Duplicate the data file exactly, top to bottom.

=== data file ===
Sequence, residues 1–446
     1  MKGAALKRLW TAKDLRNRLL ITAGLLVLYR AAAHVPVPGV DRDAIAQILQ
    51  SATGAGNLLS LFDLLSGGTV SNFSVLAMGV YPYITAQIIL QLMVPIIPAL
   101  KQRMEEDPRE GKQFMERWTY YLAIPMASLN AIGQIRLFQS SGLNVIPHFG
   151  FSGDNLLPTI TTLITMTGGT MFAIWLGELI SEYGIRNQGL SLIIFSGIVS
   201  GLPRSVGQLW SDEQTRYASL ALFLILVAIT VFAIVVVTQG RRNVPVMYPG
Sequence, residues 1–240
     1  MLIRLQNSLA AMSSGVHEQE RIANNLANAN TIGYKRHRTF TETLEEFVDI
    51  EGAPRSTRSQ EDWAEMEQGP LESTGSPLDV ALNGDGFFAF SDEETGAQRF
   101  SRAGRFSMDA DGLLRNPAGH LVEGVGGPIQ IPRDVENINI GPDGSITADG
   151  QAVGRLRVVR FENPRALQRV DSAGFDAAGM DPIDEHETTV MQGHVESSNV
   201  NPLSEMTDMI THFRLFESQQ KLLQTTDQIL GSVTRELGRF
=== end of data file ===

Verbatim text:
Sequence, residues 1–446
     1  MKGAALKRLW TAKDLRNRLL ITAGLLVLYR AAAHVPVPGV DRDAIAQILQ
    51  SATGAGNLLS LFDLLSGGTV SNFSVLAMGV YPYITAQIIL QLMVPIIPAL
   101  KQRMEEDPRE GKQFMERWTY YLAIPMASLN AIGQIRLFQS SGLNVIPHFG
   151  FSGDNLLPTI TTLITMTGGT MFAIWLGELI SEYGIRNQGL SLIIFSGIVS
   201  GLPRSVGQLW SDEQTRYASL ALFLILVAIT VFAIVVVTQG RRNVPVMYPG
Sequence, residues 1–240
     1  MLIRLQNSLA AMSSGVHEQE RIANNLANAN TIGYKRHRTF TETLEEFVDI
    51  EGAPRSTRSQ EDWAEMEQGP LESTGSPLDV ALNGDGFFAF SDEETGAQRF
   101  SRAGRFSMDA DGLLRNPAGH LVEGVGGPIQ IPRDVENINI GPDGSITADG
   151  QAVGRLRVVR FENPRALQRV DSAGFDAAGM DPIDEHETTV MQGHVESSNV
   201  NPLSEMTDMI THFRLFESQQ KLLQTTDQIL GSVTRELGRF